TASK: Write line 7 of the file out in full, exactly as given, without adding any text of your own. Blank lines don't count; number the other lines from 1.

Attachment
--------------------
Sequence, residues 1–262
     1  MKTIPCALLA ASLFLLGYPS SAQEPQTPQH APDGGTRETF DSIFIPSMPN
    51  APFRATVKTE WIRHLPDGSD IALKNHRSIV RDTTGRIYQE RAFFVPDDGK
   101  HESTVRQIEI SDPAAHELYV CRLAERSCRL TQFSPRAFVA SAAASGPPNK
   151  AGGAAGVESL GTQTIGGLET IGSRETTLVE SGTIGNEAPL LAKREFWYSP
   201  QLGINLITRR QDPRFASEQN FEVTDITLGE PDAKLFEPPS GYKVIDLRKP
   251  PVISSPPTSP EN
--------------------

   251  PVISSPPTSP EN